effects of electric shock: First, apply several layers
of approved rubber insulating tape on the metallic
handle. Next, apply a layer or two of friction tape
over the insulating tape, Friction tape when used
alone does not provide adequate protection from
electrical shock. It should be used only for griping
purposes and to protect the insulating tape. For
other instructions on the safe use of handtools,
consult Tools and Their Uses, N A V P E R S
Portable Electric Power Tools
Portable electric power tools should be clean,
properly oiled, and in good repair. Before they
are used, inspect them to see that they are
properly grounded. The newer, double-insulated,
plastic framed tools do NOT have ground wires
and have only a 2-prong plug.
If a tool is equipped with a 3-prong plug, it
should be plugged into a 3-hole electrical
receptacle. Never remove the third prong. Make
absolutely sure the tool is equipped with a
properly grounded conductor. If the tool has a
metal case, be sure to ground it according to
chapter 300 of NSTM. Observe safety precautions
and wear rubber gloves when plugging tools into
any 110-volt circuits or operating any portable
electric equipment under particularly hazardous
conditions. Also observe safety precautions and
wear rubber gloves in environments such as wet
decks or bilge areas or when working over the side
in rafts or small boats.
Before issue, any portable electrical equip-
ment, with its associated extension cords
connected, should be tested for resistance from
the equipment housing to the ships structure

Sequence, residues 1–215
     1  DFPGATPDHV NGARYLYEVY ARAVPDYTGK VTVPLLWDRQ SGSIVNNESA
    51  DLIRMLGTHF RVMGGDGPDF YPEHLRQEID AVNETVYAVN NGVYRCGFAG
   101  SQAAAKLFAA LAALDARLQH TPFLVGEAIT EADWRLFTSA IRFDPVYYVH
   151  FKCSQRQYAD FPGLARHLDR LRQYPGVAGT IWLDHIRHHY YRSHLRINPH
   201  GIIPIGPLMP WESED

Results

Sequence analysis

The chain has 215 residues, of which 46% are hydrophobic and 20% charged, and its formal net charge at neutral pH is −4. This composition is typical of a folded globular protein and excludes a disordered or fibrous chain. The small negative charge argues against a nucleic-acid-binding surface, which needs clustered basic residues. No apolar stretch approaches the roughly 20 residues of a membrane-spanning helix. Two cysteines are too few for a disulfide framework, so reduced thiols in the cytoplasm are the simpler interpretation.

(the resistance must be less than 1 ohm).
Equipment should be tested with an approved
tool tester or plugged into a dummy (or
deenergized) receptacle and tested with an
ohmmeter. The cable should be moved or worked
with a bending or twisting motion. A change
in resistance will indicate broken strands in
the grounding conductor. If this is found,
the cable must be replaced. At the discretion
of the commanding officer, a list may be
established of portable equipment requiring
testing more or less often than once a month.
When the planned maintenance system is
installed, tests should be conducted based on
the maintenance requirement cards.
When using portable electric power took, you
should take the following precautions:
Inspect the tool cord and plug before
using the tool. Do NOT use the tool if its cord
is frayed or its plug is damaged or broken. Do
NOT use spliced cables except in an emergency
that warrants the risk involved.
Before using the tool, lay all portable
cables so that you and others cannot trip over
them. The length of extension cords used with
portable tools should not exceed 25 feet. Ex-
tension cords up to 100 feet are authorized on
flight and hangar decks. Extension cords up to
100 feet are also found in damage control lockers,
but are labeled for Emergency Use Only.
Do not use jury-rigged extension cords that
have metal handy boxes for receptacle ends of
the cord. All extension cords must have non-
conductive plugs and receptacle housings.
Connect the tool cord into the extension
cord (when required) before inserting the
extension cord into a live receptacle.
After using the tool, first unplug the
extension cord (if any) from the live receptacle
before unplugging the tool cord from the exten-
sion cord. Do not unplug the cords by yanking
Stow the tool in its assigned place after you
are through using it.
The Navys safety programs strive to maintain
safe and healthy working environments. The keys
to successful mishap prevention are a safety-
minded supervisor and a comprehensive training
program. Safety inspections are an important tool
for maintaining mishap-free working conditions.
Some of the Navys major safety programs are
the Hearing and Sight Conservation Programs,
Respiratory Protection Program, Heat Stress
Program, Electrical Safety Program, Foot and
Head Protection Program, and Toxic Material
and Electromagnetic Radiation Hazard Programs.
As a supervisor, you should be familiar with these
and other safety-related programs.
Personnel safety includes an awareness of the
possibility of chemical warfare and its associated